At Brookvale Psychology we understand that every person is different, which is why it is important that your therapy is tailored to your specific needs.
We draw upon techniques from a wide range of evidence-based therapies which are based on current research and have been shown to deliver effective results. Because each therapy is tailored to your individual needs, you can be confident that the most relevant and effective treatments will be used in your sessions.
Cognitive Behaviour Therapy (CBT) is based on changing the way you think (cognitions) and the way you behave to help overcome a range of emotional concerns including anxiety and depression.
Acceptance and Commitment Therapy (ACT) involves learning to develop new ways to accept things which are not within ones control to change, and at the same time committing to actions which will enrich and enhance one’s life.
Emotionally Focussed Therapy (EFT) is mostly a short-term approach to couples therapy based on the science on adult attachment and bonding with the aim of increasing relationship security. Its methods help people to accept, express, manage, understand and change emotions in the context of interpersonal relationships. EFT can also be used with families and individuals.
Gottman Method comprises assessment of couple distress and interventions to increase the Sound Relationship House (SRH). It is based on John and Julie Gottman's life work as researchers and clinical psychologists. The theory and interventions have been developed from 40 years of research with more than 3,000 couples.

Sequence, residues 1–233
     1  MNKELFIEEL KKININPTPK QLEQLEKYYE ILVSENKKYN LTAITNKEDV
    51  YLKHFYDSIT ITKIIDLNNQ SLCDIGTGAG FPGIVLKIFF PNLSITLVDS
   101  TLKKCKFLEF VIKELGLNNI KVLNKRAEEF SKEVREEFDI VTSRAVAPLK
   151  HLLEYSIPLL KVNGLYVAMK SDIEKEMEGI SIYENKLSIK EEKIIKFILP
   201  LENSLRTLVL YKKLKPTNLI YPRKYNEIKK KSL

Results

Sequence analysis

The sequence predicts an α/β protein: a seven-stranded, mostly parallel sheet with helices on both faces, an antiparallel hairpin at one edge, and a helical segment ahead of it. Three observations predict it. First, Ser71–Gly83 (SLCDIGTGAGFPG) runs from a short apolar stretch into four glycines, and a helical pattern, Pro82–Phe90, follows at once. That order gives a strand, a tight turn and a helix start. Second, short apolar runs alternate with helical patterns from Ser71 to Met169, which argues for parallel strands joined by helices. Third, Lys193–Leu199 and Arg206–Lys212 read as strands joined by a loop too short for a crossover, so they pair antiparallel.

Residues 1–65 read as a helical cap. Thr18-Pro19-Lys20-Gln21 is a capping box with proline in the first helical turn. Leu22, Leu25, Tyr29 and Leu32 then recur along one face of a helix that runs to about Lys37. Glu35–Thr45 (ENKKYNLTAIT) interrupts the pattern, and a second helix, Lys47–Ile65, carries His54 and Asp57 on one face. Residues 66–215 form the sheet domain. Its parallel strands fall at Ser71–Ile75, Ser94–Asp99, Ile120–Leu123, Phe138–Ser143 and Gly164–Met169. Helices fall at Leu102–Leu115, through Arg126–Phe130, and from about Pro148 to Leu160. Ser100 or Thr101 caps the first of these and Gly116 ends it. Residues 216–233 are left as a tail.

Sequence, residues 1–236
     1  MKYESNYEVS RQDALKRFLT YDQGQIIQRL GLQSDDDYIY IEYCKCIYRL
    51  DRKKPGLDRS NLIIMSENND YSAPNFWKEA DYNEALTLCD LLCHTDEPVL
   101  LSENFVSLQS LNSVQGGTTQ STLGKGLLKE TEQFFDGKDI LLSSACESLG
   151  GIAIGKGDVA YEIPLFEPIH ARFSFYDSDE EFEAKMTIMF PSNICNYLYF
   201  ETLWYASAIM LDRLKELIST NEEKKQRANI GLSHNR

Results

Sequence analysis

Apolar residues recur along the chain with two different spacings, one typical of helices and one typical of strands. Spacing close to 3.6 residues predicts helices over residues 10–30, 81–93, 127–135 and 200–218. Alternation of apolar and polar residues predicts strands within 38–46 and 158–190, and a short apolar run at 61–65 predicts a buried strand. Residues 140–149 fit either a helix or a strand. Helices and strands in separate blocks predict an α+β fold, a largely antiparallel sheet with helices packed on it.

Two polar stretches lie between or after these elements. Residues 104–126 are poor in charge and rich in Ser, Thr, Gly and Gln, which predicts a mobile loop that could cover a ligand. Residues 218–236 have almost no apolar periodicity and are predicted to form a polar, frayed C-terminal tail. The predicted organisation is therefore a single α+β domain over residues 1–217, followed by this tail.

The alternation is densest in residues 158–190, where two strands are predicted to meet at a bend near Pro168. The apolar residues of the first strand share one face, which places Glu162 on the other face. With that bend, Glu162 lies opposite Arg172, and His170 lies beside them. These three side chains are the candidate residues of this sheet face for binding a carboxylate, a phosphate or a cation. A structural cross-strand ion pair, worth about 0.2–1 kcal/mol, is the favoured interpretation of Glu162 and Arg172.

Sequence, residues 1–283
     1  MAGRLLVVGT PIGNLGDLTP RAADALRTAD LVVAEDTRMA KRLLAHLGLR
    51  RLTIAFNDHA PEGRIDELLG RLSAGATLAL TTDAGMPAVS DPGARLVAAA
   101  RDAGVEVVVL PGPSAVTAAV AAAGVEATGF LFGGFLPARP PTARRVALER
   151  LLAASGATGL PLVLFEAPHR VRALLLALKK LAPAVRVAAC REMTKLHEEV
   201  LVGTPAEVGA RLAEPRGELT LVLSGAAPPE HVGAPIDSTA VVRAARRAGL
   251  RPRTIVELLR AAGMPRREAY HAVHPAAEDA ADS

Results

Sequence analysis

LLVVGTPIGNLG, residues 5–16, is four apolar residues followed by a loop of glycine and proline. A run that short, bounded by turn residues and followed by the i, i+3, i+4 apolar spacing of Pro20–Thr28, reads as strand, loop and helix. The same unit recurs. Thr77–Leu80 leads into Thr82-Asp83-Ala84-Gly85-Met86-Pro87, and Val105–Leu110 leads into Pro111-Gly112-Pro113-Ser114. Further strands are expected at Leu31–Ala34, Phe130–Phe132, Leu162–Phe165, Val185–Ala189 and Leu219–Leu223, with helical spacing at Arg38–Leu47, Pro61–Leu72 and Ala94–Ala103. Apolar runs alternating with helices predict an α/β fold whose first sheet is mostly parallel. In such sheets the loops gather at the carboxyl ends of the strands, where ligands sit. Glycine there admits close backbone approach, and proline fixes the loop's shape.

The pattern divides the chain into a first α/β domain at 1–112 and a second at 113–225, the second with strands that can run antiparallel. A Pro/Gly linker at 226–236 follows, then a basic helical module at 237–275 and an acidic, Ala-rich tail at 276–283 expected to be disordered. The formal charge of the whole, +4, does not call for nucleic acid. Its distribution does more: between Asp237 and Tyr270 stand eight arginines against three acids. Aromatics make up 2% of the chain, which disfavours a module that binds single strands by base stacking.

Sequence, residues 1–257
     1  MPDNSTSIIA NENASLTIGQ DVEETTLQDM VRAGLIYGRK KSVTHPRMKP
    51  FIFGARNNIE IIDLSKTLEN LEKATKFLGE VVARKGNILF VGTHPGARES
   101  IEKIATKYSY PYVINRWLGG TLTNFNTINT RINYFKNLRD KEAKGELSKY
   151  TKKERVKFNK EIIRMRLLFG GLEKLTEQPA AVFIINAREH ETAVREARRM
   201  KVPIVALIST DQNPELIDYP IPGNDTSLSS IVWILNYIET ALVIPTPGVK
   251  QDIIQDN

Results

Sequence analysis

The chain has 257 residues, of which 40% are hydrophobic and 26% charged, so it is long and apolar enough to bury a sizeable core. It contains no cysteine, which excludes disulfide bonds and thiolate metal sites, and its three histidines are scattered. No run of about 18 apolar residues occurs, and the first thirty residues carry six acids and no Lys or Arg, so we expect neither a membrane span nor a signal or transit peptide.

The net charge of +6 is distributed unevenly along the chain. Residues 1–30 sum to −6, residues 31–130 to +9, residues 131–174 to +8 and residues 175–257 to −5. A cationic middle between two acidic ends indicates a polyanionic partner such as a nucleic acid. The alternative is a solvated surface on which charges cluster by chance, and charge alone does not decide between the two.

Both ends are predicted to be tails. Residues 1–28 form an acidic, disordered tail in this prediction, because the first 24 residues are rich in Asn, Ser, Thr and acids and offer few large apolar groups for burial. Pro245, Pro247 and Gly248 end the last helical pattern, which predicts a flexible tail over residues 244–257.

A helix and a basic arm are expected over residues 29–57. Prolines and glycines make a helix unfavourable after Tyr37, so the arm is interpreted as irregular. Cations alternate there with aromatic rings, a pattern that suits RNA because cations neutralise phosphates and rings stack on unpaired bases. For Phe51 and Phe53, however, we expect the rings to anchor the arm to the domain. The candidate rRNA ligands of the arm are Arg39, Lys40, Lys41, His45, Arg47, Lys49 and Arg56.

Interpersonal Psychotherapy (IPT) is a short-term treatment is based on the premise that mood and well-being can, in some instances, involve improving relationships and connections with others.
Eye Movement Desensitization & Reprocessing (EMDR) is a form of psychotherapy which uses eye movements to assist in processing emotional distress (e.g. trauma, anxiety) and beliefs. The Australian Treatment Guidelines for the treatment of PTSD recommend EMDR as the first line treatment for PTSD.
Mindfulness Therapy - Mindfulness is defined by Dr Jon Kabat-Zinn as " paying attention in a particular way; on purpose, in the present moment, and non judgmentally." By learning to focus one's awareness on the present moment, whilst acknowledging and accepting one's feelings, thoughts, and bodily sensations, people can learn to reduce emotional suffering.
Dialectical Behaviour Therapy (DBT) is a therapy designed to help build emotion regulation, distress tolerance, and interpersonal effectiveness. It is an effective intervention for suicidal thinking, self-harm and borderline personality disorders.
Narrative Therapy is a therapy which focuses on separating the person from the problem. This type of therapy empowers people to step outside of their problematic behaviours which in turn has the effect of helping gain more self-control in the process of change.
Psychodynamic Therapy is an insight-oriented therapy which targets unconscious processes as they manifest in a person's behavior. The goals of psychodynamic therapy are to develop self-awareness and understanding of the influence of the past on present behavior and emotional states.
Schema Therapy - Schemas are defined as broad and pervasive patterns of thinking, feeling, and experiencing oneself and one’s relationship with others. They are typically developed during childhood, or through traumatic events. The aim of schema therapy is to identify and change dysfunctional schemas using a range of techniques including belief and behaviour changes as well as experiential in-session techniques.
Systemic Family Therapy is a type of family therapy that treats the systemic context instead an isolated problematic behavior and/or individual.